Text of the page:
To help us understand this let us look at more things Andrew says:
I fall down, Jesus, at thy feet;
I have sinned against thee; be merciful to me
Take from me the heavy yoke of sin,
And, in thy compassion, grant me tears of compunction.
Enter not into judgment with me
Bringing before me the things I should have done,
Examining my words and correcting my impulses,
But in thy mercy overlook my sins,
And save me, Lord almighty. (Cant. 1, last two verses)
Falling down before Christ because we realise we have sinned, asking Him for mercy, begging that the heavy weight of sin be removed, are all parts of repentance, and so is praying for grace to help us shed tears of remorse. David abjectly fell down before God as soon as he recognised that his actions toward Bathsheba and her husband betrayed his duty toward God. This discovery happened suddenly. David learned that God condemned his actions since by doing them he had forgotten God.
In his sinful state David no longer talked to God about his desires, his hopes, or his fears. Wrong choices had taken over his life. He had to spend his time thinking up excuses and lies to keep others from finding out what he had done. He did not even think of asking God for help. For the first time in his life he was walked alone without the awareness of the presence of God. What God does or doesn’t want was no part of his concern. This attitude was decidedly new for David. When he decided to kill Goliath, he did so because he thought it was wrong for an uncircumcised heathen to threaten those whom God had chosen for His own. Now only Bathsheba’s beauty filled David’s mind.
Andrew accurately describes David’s new experience as an awakening; and for that reason the words of the poem tell us accurately what repentance is and they invite us to see how, like David, and, indeed, Andrew, we can change our path even when we sin.
What is crucial here is the “once” of David’s mind fixed on Bathsheba’s beauty and the “later” of his repentance. Repentance is the decisive change that happened between these two moments. It took a special intervention from God for David to change. Repentance is something new and sudden like our being created or our Baptism.
Prior to hearing Nathan’s message David’s mind did not waver. As soon as he saw Bathsheba, he forgot God, seduced her. Then he started to worry how he could get away from the trouble that might arise when others learned what he had done. When his first efforts at a cover-up failed, he arranged for the woman’s husband to be murdered. Safeguarding his reputation filled his mind. For him to repent, something outside these thoughts had to burst in on his darkened mind because David’s eyes could not be opened of themselves; God had to intervene. God, unlike David, wanted their close friendship to live again. The wellspring of repentance is God actively seeking out the sinner and helping them change their mind, heart, and therefore their path.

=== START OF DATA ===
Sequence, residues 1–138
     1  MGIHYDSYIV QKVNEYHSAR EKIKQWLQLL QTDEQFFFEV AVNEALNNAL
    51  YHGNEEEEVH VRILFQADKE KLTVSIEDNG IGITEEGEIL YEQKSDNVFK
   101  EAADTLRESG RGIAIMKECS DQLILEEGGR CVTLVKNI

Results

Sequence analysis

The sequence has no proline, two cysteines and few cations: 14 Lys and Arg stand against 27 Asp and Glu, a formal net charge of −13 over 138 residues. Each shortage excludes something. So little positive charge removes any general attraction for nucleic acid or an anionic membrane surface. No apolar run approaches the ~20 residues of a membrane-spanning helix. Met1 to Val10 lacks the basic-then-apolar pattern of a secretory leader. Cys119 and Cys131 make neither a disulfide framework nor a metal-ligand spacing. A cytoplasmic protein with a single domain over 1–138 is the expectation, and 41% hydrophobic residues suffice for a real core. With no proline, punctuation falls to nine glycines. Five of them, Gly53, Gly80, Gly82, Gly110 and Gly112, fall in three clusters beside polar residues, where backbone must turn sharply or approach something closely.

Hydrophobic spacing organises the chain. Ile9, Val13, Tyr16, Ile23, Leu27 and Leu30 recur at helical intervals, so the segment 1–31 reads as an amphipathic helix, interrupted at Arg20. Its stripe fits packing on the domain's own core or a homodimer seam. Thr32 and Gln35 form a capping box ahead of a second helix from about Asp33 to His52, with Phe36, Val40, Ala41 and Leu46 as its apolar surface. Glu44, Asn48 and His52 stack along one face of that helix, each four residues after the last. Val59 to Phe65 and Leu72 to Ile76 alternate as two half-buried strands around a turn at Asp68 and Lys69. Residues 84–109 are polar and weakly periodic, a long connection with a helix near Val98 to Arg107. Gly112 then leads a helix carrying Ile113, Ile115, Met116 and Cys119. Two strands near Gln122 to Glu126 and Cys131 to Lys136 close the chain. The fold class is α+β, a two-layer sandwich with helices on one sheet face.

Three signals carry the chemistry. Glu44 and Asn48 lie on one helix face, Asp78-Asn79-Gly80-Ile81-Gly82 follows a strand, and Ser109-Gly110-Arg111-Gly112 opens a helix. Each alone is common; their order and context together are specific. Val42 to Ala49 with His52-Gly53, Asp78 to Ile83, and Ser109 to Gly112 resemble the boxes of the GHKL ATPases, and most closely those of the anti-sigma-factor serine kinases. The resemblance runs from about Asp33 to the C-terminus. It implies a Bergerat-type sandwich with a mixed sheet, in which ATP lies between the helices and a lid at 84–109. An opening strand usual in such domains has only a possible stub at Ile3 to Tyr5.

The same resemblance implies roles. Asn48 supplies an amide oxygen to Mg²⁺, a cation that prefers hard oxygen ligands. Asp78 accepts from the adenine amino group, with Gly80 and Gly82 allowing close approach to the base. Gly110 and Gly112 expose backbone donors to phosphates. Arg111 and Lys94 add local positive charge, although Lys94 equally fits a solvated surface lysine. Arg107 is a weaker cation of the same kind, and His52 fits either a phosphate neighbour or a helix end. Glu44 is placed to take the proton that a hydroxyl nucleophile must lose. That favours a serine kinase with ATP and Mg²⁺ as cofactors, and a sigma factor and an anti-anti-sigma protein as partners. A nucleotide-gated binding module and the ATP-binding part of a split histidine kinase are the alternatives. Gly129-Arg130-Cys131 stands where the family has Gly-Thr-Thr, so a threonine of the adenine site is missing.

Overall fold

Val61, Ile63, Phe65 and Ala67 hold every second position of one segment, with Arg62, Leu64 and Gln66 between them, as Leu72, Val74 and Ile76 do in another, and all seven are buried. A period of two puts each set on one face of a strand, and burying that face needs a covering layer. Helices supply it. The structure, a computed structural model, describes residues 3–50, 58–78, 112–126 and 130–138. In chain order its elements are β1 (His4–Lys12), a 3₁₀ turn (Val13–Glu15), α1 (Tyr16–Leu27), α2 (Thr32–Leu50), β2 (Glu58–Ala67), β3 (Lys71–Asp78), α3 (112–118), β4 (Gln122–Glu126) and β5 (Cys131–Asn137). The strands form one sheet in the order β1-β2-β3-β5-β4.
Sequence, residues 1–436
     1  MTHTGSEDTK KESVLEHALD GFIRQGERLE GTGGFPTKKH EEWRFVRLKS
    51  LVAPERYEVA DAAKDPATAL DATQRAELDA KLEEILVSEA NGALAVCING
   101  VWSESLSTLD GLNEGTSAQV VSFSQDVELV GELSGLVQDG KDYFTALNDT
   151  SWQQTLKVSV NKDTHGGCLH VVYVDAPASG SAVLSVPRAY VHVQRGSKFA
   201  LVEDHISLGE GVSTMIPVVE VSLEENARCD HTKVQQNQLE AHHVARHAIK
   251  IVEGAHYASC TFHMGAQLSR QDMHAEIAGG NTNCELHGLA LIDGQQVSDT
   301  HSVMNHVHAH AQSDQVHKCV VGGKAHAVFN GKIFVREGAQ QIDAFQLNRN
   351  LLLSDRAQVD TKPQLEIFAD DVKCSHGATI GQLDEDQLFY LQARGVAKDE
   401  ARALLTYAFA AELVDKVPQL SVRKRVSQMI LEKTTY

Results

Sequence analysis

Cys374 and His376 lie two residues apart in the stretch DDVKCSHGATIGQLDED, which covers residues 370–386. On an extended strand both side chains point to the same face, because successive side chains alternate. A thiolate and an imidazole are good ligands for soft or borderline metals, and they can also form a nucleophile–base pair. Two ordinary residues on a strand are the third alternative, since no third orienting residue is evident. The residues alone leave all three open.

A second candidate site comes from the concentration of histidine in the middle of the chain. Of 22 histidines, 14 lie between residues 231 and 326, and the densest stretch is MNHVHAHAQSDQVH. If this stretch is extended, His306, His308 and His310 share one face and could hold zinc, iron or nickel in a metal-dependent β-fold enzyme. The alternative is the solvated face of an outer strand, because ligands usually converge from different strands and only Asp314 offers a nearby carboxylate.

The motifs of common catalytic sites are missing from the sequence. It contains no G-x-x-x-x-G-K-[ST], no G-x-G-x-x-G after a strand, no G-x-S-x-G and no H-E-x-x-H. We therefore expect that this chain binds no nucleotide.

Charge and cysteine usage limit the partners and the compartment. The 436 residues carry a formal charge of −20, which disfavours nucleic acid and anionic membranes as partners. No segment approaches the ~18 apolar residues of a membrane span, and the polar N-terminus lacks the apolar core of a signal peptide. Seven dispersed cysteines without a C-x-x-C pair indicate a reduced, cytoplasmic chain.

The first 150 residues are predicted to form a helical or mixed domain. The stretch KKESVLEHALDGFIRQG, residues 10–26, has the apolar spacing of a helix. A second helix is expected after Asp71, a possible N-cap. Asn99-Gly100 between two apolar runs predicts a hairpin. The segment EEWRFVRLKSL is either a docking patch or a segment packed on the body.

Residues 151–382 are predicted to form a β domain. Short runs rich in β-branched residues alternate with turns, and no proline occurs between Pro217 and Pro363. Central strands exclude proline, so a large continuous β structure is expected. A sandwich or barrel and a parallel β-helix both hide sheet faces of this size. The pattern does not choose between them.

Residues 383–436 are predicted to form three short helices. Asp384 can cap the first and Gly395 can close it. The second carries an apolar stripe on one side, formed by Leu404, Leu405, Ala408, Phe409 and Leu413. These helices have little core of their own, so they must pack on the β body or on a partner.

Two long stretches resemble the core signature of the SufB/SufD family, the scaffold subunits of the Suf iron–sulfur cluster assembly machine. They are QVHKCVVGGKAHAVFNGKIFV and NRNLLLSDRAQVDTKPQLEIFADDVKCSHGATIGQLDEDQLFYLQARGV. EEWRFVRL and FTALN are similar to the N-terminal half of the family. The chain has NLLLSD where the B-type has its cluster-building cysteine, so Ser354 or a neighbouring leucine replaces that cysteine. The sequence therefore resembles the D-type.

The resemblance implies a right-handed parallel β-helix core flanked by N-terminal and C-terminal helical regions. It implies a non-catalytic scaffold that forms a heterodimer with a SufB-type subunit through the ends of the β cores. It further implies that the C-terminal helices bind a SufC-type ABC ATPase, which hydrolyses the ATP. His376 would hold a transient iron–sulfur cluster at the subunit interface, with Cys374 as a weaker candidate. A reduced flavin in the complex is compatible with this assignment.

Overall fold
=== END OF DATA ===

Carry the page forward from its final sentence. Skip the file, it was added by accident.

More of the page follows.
God’s messenger, the Prophet Nathan, was skilful in the way he approached David. He came to the king’s court ostensibly to complain about the injustice some rich man had done to a poor neighbour. Nathan claimed this rich man had refused to kill any of his own flock to feed a suddenly arrived guest, and instead stole the lone ewe a poor neighbour owned and loved so much. A king in Israel is anointed to defend the poor against the rich. When he does so a king is doing what God named him to do. Nathan aroused this still uncorrupted side of David’s mind; and so the king with indignation asks: “Who is that man?”
Nathan’s abrupt reply: “You are the man”, brings David back to himself; and he was able to speak to God again and say:
Against thee alone have I sinned;
And I have done evil before thee. (Psalm 51:4)
David now knows his heart has for a long time been turned away from God. He had settled into adultery and murder. That turn of mind makes him worthless; he is just one more man fleeing from God. That is why he can say, “Against thee alone have I sinned”.
Taking Bathsheba and killing her husband are indeed sins against them, but by cheating them David broke the commandments of God and robed himself of his right to life. The parallelism between Nathan’s words and David’s deeds was so close that David’s ears were immediately opened. He saw how he was misguided and so pleaded for mercy. This is the true meaning of repentance.